In PGA Tour, Inc. v. Casey Martin, the Supreme Court of the United States upheld the right of the professional golfer Casey Martin to use a golf cart while playing in professional golf tournaments, despite the PGA rule requiring walking. In concluding that the Americans With Disabilities Act required such an accommodation to Martin, who has a serious circulatory disorder, the Supreme Court, by the specific words of the Act, was required to determine that the accommodation did not "fundamentally alter" the nature of the activity. Yet in determining that riding rather than walking did not fundamentally alter the nature of professional tournament golf, the Court was required to make determinations as to which it had little information and even less expertise. In this respect, however, the case was more typical than unusual, for increasingly the appellate courts are compelled to get their own information and expertise in a relatively unconstrained manner. Whether such dabbling well outside of any plausible domain of judicial comparative advantage is desirable, however, presents an important issue of judicial policy that the Court's confident assertions about golf expertise did more to obscure than illuminate.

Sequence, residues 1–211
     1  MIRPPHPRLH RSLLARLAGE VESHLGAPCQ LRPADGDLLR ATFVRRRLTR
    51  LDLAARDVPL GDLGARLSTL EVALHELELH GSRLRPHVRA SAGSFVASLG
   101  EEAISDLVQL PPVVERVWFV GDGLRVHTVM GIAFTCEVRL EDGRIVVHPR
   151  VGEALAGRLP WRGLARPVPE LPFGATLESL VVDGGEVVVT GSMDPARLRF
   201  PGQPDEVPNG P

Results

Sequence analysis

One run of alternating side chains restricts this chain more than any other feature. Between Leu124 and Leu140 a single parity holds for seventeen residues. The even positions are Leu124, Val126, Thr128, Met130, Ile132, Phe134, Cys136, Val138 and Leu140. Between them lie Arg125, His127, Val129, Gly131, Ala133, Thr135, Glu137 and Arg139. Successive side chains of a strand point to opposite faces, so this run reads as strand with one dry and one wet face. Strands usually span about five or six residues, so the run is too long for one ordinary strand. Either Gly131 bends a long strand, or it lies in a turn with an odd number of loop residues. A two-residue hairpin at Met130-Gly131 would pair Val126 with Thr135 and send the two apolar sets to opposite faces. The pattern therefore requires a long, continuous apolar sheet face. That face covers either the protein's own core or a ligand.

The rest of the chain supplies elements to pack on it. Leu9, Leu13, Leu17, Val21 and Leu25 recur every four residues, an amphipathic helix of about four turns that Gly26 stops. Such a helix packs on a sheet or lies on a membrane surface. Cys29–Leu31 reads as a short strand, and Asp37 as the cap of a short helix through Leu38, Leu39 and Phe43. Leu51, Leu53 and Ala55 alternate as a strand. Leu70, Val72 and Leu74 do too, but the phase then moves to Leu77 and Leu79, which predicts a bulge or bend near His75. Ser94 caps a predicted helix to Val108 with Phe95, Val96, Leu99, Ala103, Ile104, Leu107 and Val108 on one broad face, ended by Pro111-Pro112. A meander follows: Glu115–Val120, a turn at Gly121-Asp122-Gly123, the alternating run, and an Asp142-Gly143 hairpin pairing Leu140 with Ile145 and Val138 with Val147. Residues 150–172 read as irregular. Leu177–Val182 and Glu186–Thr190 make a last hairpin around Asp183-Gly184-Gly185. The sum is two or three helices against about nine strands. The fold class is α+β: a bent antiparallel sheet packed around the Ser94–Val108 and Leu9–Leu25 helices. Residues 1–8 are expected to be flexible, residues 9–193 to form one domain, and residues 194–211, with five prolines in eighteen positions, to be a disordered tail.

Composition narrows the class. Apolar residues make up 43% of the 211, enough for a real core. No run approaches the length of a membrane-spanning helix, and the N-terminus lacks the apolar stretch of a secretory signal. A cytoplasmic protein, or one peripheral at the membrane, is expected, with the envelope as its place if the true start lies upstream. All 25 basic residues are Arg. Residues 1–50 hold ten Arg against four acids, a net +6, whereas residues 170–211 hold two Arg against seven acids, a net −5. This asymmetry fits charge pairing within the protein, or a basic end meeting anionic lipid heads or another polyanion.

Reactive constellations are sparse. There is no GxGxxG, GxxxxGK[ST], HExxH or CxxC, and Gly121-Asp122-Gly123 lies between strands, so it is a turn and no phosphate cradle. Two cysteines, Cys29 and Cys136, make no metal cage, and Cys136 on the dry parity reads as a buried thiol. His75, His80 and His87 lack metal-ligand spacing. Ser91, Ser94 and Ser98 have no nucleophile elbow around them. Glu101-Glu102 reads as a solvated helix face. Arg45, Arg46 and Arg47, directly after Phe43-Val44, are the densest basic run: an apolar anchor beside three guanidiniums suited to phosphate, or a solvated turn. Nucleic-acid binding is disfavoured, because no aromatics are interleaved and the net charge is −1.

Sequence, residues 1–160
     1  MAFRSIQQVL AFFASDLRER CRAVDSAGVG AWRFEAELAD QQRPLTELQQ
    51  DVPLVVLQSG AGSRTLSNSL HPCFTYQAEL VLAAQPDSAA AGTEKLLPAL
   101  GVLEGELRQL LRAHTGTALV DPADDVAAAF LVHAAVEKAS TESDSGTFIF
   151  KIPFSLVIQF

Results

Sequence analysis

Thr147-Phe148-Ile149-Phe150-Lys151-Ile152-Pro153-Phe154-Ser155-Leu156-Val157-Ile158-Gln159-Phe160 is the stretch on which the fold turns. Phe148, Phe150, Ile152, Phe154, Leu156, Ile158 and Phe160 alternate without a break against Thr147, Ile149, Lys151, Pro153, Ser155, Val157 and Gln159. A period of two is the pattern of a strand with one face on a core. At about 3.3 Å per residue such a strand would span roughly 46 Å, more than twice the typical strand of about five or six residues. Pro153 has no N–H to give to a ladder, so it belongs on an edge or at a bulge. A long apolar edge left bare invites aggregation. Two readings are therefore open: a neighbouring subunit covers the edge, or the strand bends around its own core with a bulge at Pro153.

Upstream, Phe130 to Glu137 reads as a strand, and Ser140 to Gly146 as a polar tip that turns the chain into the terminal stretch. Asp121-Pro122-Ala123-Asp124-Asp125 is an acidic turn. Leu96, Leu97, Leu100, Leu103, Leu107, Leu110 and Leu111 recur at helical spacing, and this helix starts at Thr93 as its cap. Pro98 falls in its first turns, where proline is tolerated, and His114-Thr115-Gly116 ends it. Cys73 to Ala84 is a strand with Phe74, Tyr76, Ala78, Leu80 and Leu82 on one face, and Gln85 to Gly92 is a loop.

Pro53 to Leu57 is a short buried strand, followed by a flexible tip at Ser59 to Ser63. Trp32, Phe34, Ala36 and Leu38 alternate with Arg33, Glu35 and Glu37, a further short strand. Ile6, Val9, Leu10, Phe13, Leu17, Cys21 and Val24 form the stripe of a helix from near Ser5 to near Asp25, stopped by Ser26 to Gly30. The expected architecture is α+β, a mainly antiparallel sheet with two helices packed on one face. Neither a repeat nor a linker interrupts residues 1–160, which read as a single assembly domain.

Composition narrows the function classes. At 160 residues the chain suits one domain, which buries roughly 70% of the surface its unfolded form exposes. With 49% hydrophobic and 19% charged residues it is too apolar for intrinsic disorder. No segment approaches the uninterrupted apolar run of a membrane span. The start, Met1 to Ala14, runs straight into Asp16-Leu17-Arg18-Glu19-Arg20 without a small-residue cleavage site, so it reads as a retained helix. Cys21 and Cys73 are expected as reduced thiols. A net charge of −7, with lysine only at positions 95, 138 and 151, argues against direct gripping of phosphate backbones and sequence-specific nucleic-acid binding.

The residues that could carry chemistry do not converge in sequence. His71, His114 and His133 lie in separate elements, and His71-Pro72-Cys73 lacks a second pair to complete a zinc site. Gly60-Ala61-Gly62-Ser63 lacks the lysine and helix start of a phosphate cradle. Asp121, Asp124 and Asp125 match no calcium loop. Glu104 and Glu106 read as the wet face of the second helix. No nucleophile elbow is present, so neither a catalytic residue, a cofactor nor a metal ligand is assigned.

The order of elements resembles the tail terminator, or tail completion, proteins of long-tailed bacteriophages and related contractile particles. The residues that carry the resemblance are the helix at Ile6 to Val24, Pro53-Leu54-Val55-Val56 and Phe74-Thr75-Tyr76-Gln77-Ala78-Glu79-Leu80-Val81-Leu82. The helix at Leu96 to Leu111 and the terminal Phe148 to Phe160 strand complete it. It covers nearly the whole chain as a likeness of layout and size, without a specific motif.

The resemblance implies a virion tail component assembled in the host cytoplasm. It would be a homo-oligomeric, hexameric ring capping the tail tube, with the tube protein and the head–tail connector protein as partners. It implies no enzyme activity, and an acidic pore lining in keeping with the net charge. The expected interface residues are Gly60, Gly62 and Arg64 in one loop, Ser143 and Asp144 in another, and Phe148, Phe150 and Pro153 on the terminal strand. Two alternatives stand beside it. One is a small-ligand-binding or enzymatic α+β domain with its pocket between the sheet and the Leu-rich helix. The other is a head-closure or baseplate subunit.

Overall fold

Frederick Schauer, The Dilemma of Ignorance: <em>PGA Tour, Inc. v. Casey Martin</em>, 2001 Supreme Court Review 267–297 (2002).
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